Six-week-old BALB/c mice obtained from Charles River (Wilmington, MA) were injected intraperitonealy with ~1000 plaque-forming units (PFU) of a nonlethal MARV Ravn isolate. The virus had been blind-passaged 17–20 times from mouse liver homogenates and did not produce clinical signs of disease when inoculated into naïve BALB/c mice. Mice were monitored for approximately 14 days before euthanasia and splenectomy. For lethal challenges, we used a later passage of lethal, mouse-adapted MARV Ravn that caused death 7–10 days after infection. Mouse adaptation was accomplished by serially passaging virus through the livers of SCID mice  and then BALB/c mice to obtain a lethal, mouse-adapted virus. The lethal, mouse-adapted MARV Ravn isolate was purified by plaque selection and then selected for its virulence towards BALB/c and C57BL/6 mice . The pathogenesis of the mouse-adapted MARV Ravn was similar to the pathogenesis of guinea pig and nonhuman primate models with high viral titers in the blood, liver, lymphoid, and other organs; alterations in blood chemistries including markers of liver and kidney function; as well as loss of platelets and lymphocytes in the circulation .
Stimulation of MARV-specific splenocytes with peptide pools, single 15 mers, and single 9 mers
Splenectomies were performed 14 days after infection with nonlethal MARV . Spleens from all mice were pooled, homogenized, and washed through a 50-μm nylon filter. Cells were incubated in 0.144 M ammonium chloride lysis buffer to remove residual red blood cells. After a final wash in PBS, splenocytes were resuspended in RPMI/EHAA (Invitrogen, Carlsbad, CA) supplemented with 10% fetal bovine serum (FBS) (Hyclone Labs, Logan, UT), 2 μl of β-ME/500 ml (Sigma, St. Louis, MO), 10 mg/ml of brefeldin A, and 1 unit/ml of rhIL-2 in a 96-well U-bottom plate. Fifteen-mer and 9-mer MARV peptide sets were synthesized by Mimotope (Clayton, Victoria, Australia) and maintained in dimethylsulfoxide. The collection of all 15-mer peptides represented the entire translated GP, NP, and VP40 proteins. Nine-mer peptides were selected from each 15-mer peptide using HLA binding predictions for H2 d developed by Parker et al. . One μg of either overlapping 15-mer peptide pools, individual 15-mer peptides, or individual 9-mer peptides were added to each well containing 1 × 106 splenocytes and incubated for 5 h at 37°C in 5% CO2. An EBOV 15-mer peptide designated NP12 with no sequence homology to MARV NP peptides was used as a negative control. Positive controls included splenocytes stimulated with 100 ng of PMA and 1 μg of ionomycin.
Analysis of splenocytes by flow cytometry
Stimulated splenocytes were centrifuged at 300 × g for 5 min, and cell pellets were resuspended in FACS buffer (PBS supplemented with 1% FBS, 0.1% sodium azide, and 10 mg/ml brefeldin A) containing either mouse anti-CD44-FITC or CD8-PerCP (BD Biosciences, San Jose, CA) diluted 1:100 and incubated for 30 min at 4°C. Washed splenocytes were fixed with buffered 1% paraformaldehyde and incubated for 15 min. Splenocytes were permeablized by adding FACS buffer and 0.5% saponin (permeablization buffer). Anti-mouse IFNγ (BD Biosciences, San Jose, CA) diluted 1:50 in permeablization buffer was added and incubated for 30 min. Splenocytes were fixed in 10% neutral buffered formalin and analyzed on a BD FACSCalibur system (BD Biosciences, Franklin Lakes, NJ). At the time of acquisition, the signal from EBOV NP12 (AEQGLIQYPTAWQSV)-stimulated splenocytes was used to determine the level of background in the experiment. A total of 10,000 splenocytes were counted. On average, 8–12% were CD8+ T cells that were gated to discriminate between levels of CD44 expression and IFNγ producing cells.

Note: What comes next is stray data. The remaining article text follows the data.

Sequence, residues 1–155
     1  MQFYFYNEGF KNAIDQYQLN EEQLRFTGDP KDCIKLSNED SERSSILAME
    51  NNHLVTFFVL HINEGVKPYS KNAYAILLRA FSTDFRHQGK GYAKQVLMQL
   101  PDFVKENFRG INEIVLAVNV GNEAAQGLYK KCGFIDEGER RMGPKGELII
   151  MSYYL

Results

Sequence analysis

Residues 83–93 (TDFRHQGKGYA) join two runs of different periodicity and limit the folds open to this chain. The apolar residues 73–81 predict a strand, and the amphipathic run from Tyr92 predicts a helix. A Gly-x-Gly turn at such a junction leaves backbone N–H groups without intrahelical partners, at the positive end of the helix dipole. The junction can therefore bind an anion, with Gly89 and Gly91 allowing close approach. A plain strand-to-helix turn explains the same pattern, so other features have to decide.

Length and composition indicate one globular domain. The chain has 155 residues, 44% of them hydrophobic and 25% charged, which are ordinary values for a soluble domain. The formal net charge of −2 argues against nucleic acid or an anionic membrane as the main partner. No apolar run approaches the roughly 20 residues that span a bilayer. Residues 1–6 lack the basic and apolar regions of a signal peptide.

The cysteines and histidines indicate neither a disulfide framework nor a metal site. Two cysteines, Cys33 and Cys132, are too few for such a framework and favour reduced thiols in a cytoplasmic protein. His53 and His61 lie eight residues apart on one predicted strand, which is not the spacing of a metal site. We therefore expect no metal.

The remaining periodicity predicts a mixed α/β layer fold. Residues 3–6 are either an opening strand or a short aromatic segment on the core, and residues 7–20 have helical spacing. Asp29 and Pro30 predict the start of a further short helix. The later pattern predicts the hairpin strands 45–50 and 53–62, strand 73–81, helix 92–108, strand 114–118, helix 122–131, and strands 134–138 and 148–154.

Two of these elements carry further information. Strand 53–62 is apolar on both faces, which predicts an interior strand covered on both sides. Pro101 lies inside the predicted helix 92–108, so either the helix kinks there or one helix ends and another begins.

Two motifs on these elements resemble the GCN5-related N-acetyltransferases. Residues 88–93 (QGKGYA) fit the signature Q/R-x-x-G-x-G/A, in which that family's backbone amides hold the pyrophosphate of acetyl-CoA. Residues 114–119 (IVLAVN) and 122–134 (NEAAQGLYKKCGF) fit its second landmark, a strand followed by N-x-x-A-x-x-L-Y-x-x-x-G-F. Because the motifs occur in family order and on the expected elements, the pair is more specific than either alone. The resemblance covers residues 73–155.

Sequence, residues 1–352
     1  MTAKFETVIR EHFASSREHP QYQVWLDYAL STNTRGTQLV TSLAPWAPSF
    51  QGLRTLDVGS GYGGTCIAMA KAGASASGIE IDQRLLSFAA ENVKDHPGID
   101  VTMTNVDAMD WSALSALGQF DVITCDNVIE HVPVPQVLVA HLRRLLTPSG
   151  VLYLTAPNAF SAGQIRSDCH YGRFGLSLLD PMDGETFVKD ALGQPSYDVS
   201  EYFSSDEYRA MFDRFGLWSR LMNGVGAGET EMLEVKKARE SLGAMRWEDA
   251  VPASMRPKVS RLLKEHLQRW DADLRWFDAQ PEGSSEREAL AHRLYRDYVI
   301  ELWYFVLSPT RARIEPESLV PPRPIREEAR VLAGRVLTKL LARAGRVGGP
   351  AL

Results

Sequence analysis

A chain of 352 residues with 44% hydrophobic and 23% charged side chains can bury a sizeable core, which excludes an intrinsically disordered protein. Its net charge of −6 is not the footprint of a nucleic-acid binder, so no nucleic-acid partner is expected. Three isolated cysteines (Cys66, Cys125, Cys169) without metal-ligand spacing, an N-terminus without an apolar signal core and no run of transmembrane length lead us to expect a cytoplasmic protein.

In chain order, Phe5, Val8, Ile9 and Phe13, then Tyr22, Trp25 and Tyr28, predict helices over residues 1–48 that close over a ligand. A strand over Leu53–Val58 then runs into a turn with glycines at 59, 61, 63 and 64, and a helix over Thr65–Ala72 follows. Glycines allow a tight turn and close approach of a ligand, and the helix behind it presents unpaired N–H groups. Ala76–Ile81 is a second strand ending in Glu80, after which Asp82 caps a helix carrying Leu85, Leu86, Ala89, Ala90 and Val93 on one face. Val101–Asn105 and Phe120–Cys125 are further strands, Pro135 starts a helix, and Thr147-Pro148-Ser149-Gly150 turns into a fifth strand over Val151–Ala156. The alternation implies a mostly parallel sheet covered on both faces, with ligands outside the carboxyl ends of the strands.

CTL assays for prediction of lytic epitopes
PB-1 target cells were pulsed with 2 μg/ml of 9-mer peptides and incubated for 24 h. On the day of the assay, pulsed PB-1 target cells were labeled with 51Cr for 1 h. Effector cells were obtained from BALB/c mice 7 days after boosting with MARV VLPs. Briefly, mice were vaccinated with 100 μg of MARV VLPs (2 μg of QS21 per mouse) and boosted with 100 μg of MARV VLPs (2 μg of QS21) 2 weeks later. Effector cells, which were obtained 7 days after the MARV VLP boost, were added to the labeled, peptide-pulsed target PB-1 target cells and incubated for 4 h. Fifty μl of supernatant was transferred onto a filtered luma plate for analysis on a gamma counter.
Adoptive transfer of stimulated splenocytes into BALB/c mice
Splenocytes removed from mice infected with nonlethal MARV were restimulated with 2 μg/ml of 9-mer peptide and incubated for 7 days at 37°C in 5% CO2. Recombinant human interleukin (IL)-2 and supernatant from concanavalin A-stimulated cells was added to the medium (EHAA/RPMI) on day 2. On day 7, stimulated splenocytes were purified using ficoll. Approximately 5 × 106 9-mer-stimulated splenocytes were transferred to each mouse in designated groups. As a control, some mice were given the same number of saline-stimulated splenocytes from mice previously infected with nonlethal MARV. Cell transfer preceded infection by approximately 3 h where each mouse was infected with 1000 PFU of lethal mouse-adapted MARV or EBOV [17, 36]. Research was conducted in compliance with the Animal Welfare Act, federal statutes and regulations relating to animals and experiments involving animals, and adhered to principles stated in the Guide for the Care and Use of Laboratory Animals (National Research Council, 1996). The facility where this research was conducted was fully accredited by the Association for Assessment and Accreditation of Laboratory Animal Care International.
Data collected from the animal survival studies were displayed on a Kaplan-Meyer plot. Statistical significance was determined by comparing each experimental group to the negative control group. Significance, when compared to the negative control group, was determined using log-rank tests with stepdown Bonferroni adjustment. All groups whose difference fell above the 95% confidence interval were considered significant. All statistical analysis was done using SAS software (SAS Institute Inc Cary, NC).
We thank Jay Wells, Sean VanTongeren, and Meagan Cooper of the Bavari laboratory for technical support. Steven Bradfute and John Dye are acknowledged for helpful discussions and suggestions. We also thank Sarah Norris for compiling the statistical data. The research described herein was sponsored by the Defense Threat Reduction Agency, Joint Science and Technology Office-Chemical Biological Defense Program Proposal # 1.1C0003_08_RD_B (to SB). Opinions, interpretations, conclusions, and recommendations are those of the authors and are not necessarily endorsed by the U.S. Army.